According to a market profile by the Washington-based Microfinance Information Exchange, which provides data and analysis on some 2,000 microfinance institutions (MFIs) worldwide, in the six MENA countries which reported data in 2012 there were some 1.2 million active borrowers, with a gross loan portfolio of 742 million US dollars. Within the region, microfinance markets are in different stages of development. The number of borrowers in 2012 ranged from 674,302 in Morocco and 209,861 in Tunisia to 36,726 in Lebanon and 20,331 in Iraq. Egypt had 141,299 borrowers, while Jordan had 101,089. Other growing microfinance markets include Yemen, with more than 82,000 borrowers at the end of 2012, and West Bank and Gaza, with about 43,000 active clients.


Many experts believe that insufficient supervision and regulation have held back the growth of microfinance in MENA countries. A 2013 report by the Economist Intelligence Unit (EIU) on the global microfinance business environment noted that the regulatory environment in MENA had seen few changes during the previous year. Morocco updated its Microfinance Associations Law and additional rules and regulations are forthcoming. "The main impact of the Law has been to encourage consolidation among smaller microcredit associations (MCAs). However, some microfinance professionals have criticised the Law because it does not assist MFIs in transforming into commercial banks, nor does it assist MFIs that would prefer to remain NGOs," the EIU report commented. In Egypt, a long‑awaited update to the 2002 NGO Law that also regulates MFIs operating as NGOs is still under consideration, while legislation specific to the microfinance industry "has been delayed repeatedly due to political turmoil," the report added.

In the view of Hoda Salman, MENA representative for the Netherlands-based microfinance investment manager Triple Jump, "many MFIs have difficulty securing commercial funds due to weak MFI structures and capacities, restrictive NGO regulations or political and economic instability that can render local currency rates on foreign commercial debt unaffordable". A major hindrance to growth in the sector, she adds, is "the absence of microfinance-specific regulations in many MENA countries, which prevents NGO MFIs from transforming into for-profit companies and/or deposit‑taking institutions".

Peter McConaghy, a World Bank microfinance analyst, agrees that a lack of regulation to support the robust growth of MFIs is to blame for the low levels of microfinance penetration in the MENA area. While noting that each country in the region poses unique challenges, he argues that "the inability of MFIs to accept deposits in many of the region’s markets, underdeveloped financial infrastructure, and low levels of financial literacy among potential beneficiaries all contribute to the limited microfinance outreach in the region."

Potential to expand

But despite microfinance in MENA being undeveloped, it has the potential to expand in a region where, as the World Bank notes, "political and social transitions in countries across MENA are placing additional economic pressure on firms and households". Unemployment levels are higher than in all other world regions and youth unemployment, at 25%, is a particularly pressing public policy issue.

TechNavio, an international technology research and advisory company, forecasts that the global microfinance market will grow at a Compound Annual Growth Rate (CAGR) of 16.61% over the period 2012-2016, with one of the key factors contributing to this growth being the increased focus on untapped markets.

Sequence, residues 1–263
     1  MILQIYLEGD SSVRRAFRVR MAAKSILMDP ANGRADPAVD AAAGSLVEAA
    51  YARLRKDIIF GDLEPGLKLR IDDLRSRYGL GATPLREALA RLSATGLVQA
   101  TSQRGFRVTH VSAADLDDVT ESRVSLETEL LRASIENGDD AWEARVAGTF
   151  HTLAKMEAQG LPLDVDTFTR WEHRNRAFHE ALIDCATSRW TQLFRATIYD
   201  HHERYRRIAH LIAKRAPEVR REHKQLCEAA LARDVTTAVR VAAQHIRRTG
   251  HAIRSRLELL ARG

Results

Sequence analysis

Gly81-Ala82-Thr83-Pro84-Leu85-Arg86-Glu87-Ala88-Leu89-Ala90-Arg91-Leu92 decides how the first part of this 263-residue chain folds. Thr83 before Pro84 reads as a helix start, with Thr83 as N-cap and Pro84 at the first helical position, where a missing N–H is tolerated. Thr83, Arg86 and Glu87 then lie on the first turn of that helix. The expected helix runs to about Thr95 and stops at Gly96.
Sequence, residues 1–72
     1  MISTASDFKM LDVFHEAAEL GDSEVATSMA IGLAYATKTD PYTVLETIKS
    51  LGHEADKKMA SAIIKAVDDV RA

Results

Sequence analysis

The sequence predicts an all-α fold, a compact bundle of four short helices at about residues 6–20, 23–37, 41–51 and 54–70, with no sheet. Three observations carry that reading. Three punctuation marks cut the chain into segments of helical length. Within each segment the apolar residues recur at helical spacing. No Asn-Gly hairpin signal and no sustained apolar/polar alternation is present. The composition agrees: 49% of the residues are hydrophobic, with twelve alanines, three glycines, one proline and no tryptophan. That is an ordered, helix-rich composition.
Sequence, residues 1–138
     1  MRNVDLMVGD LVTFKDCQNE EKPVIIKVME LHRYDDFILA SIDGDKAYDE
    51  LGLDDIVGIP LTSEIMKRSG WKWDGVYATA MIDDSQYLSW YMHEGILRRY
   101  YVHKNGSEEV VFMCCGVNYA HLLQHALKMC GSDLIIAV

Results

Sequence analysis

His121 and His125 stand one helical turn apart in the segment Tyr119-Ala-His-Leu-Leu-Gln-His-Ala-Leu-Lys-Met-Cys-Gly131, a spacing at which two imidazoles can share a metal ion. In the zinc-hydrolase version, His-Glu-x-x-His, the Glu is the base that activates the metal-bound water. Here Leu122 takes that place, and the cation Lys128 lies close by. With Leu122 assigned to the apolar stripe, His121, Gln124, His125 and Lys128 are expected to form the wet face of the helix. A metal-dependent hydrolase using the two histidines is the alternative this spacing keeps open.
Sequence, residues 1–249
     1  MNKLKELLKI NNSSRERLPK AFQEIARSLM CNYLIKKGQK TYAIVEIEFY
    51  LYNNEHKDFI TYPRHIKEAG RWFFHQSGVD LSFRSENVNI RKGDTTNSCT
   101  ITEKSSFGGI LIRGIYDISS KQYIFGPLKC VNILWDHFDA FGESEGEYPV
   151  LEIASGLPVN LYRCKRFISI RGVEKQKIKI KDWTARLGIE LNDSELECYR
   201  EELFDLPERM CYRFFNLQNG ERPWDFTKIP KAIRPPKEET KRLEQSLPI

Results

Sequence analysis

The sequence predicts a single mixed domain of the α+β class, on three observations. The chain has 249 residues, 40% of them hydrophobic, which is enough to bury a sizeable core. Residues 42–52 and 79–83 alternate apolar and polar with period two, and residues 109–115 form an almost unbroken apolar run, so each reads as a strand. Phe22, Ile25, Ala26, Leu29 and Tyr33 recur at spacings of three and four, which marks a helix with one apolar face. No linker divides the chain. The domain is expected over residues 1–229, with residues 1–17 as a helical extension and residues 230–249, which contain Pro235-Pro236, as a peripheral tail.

ln Yemen, for instance, with only 7% of Yemenis possessing a bank account, long-latent demand among the population for financial services would seem to make the country an ideal market for microfinance. Analysts also see substantial room for growth of the microfinance industry in Lebanon, particularly in rural areas.

In many MENA countries, despite the increasing use of technology, mobile and correspondent banking is still in the pilot stage. There is great scope for the development of microfinance mobile phone services enabling the transfer of money, although central banks across the region have yet to extend their regulations to cover such innovations.

Philippe de Fontaine Vive, the European Investment Bank Vice‑President of Innovation, believes that for microfinance to expand in the MENA region, significant institutional and capacity building efforts are needed, at all levels including regulatory and supervisory capacity, and especially for smaller MFIs, in order to increase client outreach.

"Financial institutions need to strengthen their capacity to expand their offer of credit and ultimately also other financial services such as deposits. Microfinance remains limited and very few MFIs offer financial services beyond basic credit. Following the recent events in the region, expectations in microfinance as a means to fight unemployment, increase social inclusion, and provide access to finance to the 'very base of the pyramid' are high," he added.

For Hoda Salman of Triple Jump, in addition to the ongoing political and economic instability and insecurity in many of the ‘recovering’ countries, the main challenges for the microfinance industry in MENA lie in the area of regulation. "A conducive microfinance regulatory framework would allow MFIs to provide a wider range of financial services and access more sources of capital (such as equity), amongst other things, to reach more low-income, yet economically active, people," she argues.